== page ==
The Upper Room is one of the most venerated places in Jerusalem. It is a site featured in the New Testament Gospels as the place where Jesus had his Last Supper with his disciples, and where he later appeared to them after the Resurrection. It is also the place where the first believers gathered together to await the arrival of the Holy Spirit.
The Biblical Archaeology Society has an excellent article showing possible ancient renderings of the Upper Room in various churches throughout the ancient world. This article has these renderings in order for the readers to make their own decisions.
The building currently assumed to house the Upper Room is on the southern end of Mount Zion in Jerusalem near the Church of the Dormition and the traditional house of Caiaphas.
Historians have debated for many decades concerning whether this traditional location of the Upper Room is actually where these historical events occurred. Some have suggested that the current building is actually the surviving portion of an ancient Byzantine church built in that location in the fourth century. This church was known as the Hagia Sion (Holy Zion) which for years has featured ancient Christian relics and shrines.
Other historians believe that the original Upper Room existed long before the Hagia Sion and was located just beside it. There is little in the way of original archaeological evidence to determine which of these two theories is correct.
What may help in this determination are Christian reproductions of ancient Jerusalem which reveal a distinct structure beside the Hagia Sion church. There is good reason to believe this ancient structure represents the actual Upper Room.
Church of St. George in Madaba, Jordan
Probably the most important of these ancient artistic representations of ancient Jerusalem is located in the neighboring country of modern-day Jordan. It was a mosaic map of Jerusalem done about 560 AD showing two sacred structures separated from other buildings by their red roofs.
The larger building in this mosaic is universally identified as the modern-day Hagia Sion church, while the smaller structure with a sloping red roof might represent the Upper Room. These two buildings are located exactly where the Hagia Sion church is found today.
Santa Maria Maggiore in Rome
Another mosaic was completed in Rome at about the same time as the above-noted mosaic found in Jordan. It is similar showing red roofs representing the fourth-century Church of the Holy Sepulcher in two parts. Nearby stands the Hagia Sion church and another structure next to it with a sloped red room.
Again, these two structures stand at the same location as the current Hagia Sion church found today. The similarity between these two mosaics is rather striking suggesting they represent an actual city with real buildings and not just some idealized representations.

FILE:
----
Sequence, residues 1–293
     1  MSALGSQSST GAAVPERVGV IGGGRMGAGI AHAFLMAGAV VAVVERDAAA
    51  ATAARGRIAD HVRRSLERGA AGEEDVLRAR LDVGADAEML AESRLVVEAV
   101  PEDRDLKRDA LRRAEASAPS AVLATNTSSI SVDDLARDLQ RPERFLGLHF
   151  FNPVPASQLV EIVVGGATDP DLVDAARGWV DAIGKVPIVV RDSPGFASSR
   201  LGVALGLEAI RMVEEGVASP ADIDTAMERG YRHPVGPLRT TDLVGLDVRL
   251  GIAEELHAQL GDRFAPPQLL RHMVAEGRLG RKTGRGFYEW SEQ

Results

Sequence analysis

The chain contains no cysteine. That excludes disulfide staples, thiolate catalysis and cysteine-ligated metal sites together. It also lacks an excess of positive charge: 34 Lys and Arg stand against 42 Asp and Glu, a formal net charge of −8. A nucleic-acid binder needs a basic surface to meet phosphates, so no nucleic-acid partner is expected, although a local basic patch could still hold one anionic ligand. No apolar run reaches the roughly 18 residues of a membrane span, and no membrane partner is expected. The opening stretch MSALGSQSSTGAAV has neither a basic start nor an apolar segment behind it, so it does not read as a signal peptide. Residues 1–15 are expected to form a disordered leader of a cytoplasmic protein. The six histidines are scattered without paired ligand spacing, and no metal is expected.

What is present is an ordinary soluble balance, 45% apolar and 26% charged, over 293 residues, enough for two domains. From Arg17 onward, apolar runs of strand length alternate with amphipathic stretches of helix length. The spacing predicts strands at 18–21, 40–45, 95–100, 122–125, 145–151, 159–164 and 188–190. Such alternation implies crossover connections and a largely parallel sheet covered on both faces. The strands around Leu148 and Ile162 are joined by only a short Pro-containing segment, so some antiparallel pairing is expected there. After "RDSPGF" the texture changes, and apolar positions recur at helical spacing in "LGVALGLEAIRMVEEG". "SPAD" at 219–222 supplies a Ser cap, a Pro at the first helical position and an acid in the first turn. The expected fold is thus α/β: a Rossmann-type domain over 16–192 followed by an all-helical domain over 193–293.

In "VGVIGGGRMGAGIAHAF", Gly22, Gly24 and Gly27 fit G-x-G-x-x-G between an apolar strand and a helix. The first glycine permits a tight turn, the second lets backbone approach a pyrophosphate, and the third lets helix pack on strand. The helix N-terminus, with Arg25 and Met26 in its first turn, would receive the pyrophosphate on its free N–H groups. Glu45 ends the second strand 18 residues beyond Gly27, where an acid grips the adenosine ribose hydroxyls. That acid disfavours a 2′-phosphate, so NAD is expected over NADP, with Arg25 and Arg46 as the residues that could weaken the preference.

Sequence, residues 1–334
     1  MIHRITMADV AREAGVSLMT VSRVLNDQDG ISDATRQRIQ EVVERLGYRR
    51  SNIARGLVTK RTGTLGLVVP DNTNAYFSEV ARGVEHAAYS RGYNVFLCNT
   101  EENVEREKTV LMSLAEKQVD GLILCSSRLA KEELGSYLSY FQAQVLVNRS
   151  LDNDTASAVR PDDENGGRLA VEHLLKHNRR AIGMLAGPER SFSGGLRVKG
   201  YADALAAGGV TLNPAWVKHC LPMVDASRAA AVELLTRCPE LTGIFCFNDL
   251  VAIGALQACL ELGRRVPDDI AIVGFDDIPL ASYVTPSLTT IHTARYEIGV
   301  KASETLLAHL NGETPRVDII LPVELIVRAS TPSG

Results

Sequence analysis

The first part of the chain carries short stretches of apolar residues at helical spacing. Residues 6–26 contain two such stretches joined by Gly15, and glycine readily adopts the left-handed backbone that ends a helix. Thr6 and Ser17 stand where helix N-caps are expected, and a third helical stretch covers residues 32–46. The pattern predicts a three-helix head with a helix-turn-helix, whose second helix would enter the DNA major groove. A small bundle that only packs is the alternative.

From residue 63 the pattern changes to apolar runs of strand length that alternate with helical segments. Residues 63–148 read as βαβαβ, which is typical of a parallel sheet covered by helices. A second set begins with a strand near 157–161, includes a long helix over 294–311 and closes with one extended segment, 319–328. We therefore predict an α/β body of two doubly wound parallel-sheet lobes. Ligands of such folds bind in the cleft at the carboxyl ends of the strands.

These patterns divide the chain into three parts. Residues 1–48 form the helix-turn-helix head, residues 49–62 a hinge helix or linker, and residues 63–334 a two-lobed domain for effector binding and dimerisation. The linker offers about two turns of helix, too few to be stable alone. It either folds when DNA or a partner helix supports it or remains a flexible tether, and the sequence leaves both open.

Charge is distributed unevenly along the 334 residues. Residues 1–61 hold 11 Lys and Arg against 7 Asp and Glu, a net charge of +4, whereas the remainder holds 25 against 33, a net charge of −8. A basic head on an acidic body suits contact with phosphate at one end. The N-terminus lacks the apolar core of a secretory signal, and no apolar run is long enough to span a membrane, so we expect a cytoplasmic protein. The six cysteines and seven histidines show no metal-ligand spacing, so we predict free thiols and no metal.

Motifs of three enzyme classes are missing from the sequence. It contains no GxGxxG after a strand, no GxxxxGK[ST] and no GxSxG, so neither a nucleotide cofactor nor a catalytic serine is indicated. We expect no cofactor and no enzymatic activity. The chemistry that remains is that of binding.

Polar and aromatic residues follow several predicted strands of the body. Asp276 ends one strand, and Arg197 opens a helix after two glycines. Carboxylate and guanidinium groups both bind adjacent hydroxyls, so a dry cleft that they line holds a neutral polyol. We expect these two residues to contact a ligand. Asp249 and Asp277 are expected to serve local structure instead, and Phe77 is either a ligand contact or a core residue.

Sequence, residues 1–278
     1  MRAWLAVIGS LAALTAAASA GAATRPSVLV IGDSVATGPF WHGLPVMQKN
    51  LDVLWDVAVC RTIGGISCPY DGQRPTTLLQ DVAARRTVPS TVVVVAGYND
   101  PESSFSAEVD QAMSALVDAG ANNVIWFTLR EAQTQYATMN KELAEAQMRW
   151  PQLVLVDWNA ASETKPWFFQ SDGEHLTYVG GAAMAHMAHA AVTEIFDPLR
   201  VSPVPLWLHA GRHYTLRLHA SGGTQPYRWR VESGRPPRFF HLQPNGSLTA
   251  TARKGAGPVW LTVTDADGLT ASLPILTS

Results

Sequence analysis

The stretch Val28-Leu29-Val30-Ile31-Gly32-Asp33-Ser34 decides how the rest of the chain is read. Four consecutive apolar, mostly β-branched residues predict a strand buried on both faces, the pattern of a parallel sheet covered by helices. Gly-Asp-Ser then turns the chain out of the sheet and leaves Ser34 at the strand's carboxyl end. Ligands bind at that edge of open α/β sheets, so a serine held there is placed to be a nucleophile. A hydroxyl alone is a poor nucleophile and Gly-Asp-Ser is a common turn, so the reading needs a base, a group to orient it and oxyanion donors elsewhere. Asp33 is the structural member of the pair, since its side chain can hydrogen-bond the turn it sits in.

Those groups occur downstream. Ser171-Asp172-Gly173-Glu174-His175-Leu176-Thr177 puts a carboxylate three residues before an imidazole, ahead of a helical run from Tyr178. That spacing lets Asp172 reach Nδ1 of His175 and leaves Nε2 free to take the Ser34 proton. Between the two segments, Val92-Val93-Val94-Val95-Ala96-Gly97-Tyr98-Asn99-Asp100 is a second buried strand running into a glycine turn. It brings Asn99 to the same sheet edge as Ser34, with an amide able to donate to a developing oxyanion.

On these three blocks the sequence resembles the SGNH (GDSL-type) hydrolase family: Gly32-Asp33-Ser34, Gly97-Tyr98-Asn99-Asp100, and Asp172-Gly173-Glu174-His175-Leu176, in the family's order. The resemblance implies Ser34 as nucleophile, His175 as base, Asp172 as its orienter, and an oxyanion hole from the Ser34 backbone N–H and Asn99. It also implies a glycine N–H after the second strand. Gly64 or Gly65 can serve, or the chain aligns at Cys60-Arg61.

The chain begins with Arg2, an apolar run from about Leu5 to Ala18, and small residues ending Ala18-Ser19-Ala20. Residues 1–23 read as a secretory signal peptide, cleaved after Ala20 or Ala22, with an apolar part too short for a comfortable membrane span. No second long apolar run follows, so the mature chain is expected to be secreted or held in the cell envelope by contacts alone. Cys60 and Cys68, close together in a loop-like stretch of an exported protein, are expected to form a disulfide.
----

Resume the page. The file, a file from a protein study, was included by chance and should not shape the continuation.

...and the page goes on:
The Rossano Gospels are an illuminated manuscript from Calabria, Italy thought to be from the sixth century.
In this manuscript, Christ is shown just about to enter Jerusalem riding a donkey among an adoring crowd. There is a striking building with a red, slanting room similar to the one found in the mosaics suggesting another drawing of the Upper Room.
A wooden carving from the sixth century found in Egypt originated in the Hanging Church of Cairo. The carving illustrates Christ on a donkey. There is a prominent sloping roof building located just to the left of Christ bearing a striking resemblance to the structure found in the mosaics and illuminated gospels. Some scholars have identified the sloping structure as the Upper Room.
This structure has two stories with a door on the bottom floor and a window on the second. A curved arch is located behind the building possibly representing the Zion Gate.
Pietro Lorenzetti’s Fresco
A fresco done by Pietro Lorenzetti in the 14th century shows a two-storied structure within the city walls which is possibly identified as the Upper Room. Birds (possibly doves) are noted above the gate and in front of the building itself, possibly representing where the Holy Spirit lit upon early believers.
Behind the Upper Room is an octagonal structure likely representing the Dome of the Rock, along with a city gate. The Mamluk Muslims had taken over many Christian buildings at this time.
A sculpture from a fourth century sarcophagus was once present in the Lateran Christian Museum in Rome.
The sarcophagus shows Christ either healing a woman with an issue of blood, or comforting Mary Magdalene after his resurrection. There is a building behind this scene which shows a sloping room reminiscent of other structures noted above, possibly representing the Upper Room.
These extensive drawings on an ancient sarcophagus likely belonged to a rich, influential person as most did not have these extensive inscriptions.
These artistic representations of a building with a sloping roof give evidence that the Upper Room once stood next to the Byzantine church of the Hagia Sion.
We will never be totally certain as to the identity of these structures found on ancient mosaics and drawings, they all appear to be similar in structure and certainly important to the artist.
The history of the Upper Room shows it is of significant importance to Christians today – and apparently to Christians over the past two thousand years. Its identity can never be established with certainty, but the sloping red roof structure centrally displayed in ancient drawings certainly suggests the importance of this structure.